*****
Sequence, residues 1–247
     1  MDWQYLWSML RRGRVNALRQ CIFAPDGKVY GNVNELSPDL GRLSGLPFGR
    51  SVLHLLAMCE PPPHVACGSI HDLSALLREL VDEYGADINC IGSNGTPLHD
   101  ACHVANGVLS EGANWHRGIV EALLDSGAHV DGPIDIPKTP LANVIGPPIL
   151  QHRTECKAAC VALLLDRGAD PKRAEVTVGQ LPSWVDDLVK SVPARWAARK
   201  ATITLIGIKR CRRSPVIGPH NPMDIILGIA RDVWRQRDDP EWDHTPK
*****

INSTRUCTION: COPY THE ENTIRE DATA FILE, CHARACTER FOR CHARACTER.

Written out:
Sequence, residues 1–247
     1  MDWQYLWSML RRGRVNALRQ CIFAPDGKVY GNVNELSPDL GRLSGLPFGR
    51  SVLHLLAMCE PPPHVACGSI HDLSALLREL VDEYGADINC IGSNGTPLHD
   101  ACHVANGVLS EGANWHRGIV EALLDSGAHV DGPIDIPKTP LANVIGPPIL
   151  QHRTECKAAC VALLLDRGAD PKRAEVTVGQ LPSWVDDLVK SVPARWAARK
   201  ATITLIGIKR CRRSPVIGPH NPMDIILGIA RDVWRQRDDP EWDHTPK